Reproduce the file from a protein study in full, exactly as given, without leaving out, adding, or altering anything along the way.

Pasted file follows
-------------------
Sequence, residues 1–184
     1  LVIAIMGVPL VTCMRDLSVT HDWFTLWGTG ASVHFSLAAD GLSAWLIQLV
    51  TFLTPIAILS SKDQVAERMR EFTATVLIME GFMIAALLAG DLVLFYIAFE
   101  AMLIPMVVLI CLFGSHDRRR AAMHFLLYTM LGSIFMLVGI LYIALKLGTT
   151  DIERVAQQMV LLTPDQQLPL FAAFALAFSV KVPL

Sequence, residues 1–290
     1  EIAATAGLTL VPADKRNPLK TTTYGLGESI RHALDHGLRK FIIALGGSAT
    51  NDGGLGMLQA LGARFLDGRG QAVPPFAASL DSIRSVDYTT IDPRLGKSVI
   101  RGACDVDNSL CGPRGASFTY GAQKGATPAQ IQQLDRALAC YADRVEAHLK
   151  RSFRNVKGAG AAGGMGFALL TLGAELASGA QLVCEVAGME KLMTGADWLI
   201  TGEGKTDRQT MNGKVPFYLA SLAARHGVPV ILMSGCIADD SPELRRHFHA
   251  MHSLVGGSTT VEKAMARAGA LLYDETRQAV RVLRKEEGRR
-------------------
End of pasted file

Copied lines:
Sequence, residues 1–184
     1  LVIAIMGVPL VTCMRDLSVT HDWFTLWGTG ASVHFSLAAD GLSAWLIQLV
    51  TFLTPIAILS SKDQVAERMR EFTATVLIME GFMIAALLAG DLVLFYIAFE
   101  AMLIPMVVLI CLFGSHDRRR AAMHFLLYTM LGSIFMLVGI LYIALKLGTT
   151  DIERVAQQMV LLTPDQQLPL FAAFALAFSV KVPL

Sequence, residues 1–290
     1  EIAATAGLTL VPADKRNPLK TTTYGLGESI RHALDHGLRK FIIALGGSAT
    51  NDGGLGMLQA LGARFLDGRG QAVPPFAASL DSIRSVDYTT IDPRLGKSVI
   101  RGACDVDNSL CGPRGASFTY GAQKGATPAQ IQQLDRALAC YADRVEAHLK
   151  RSFRNVKGAG AAGGMGFALL TLGAELASGA QLVCEVAGME KLMTGADWLI
   201  TGEGKTDRQT MNGKVPFYLA SLAARHGVPV ILMSGCIADD SPELRRHFHA
   251  MHSLVGGSTT VEKAMARAGA LLYDETRQAV RVLRKEEGRR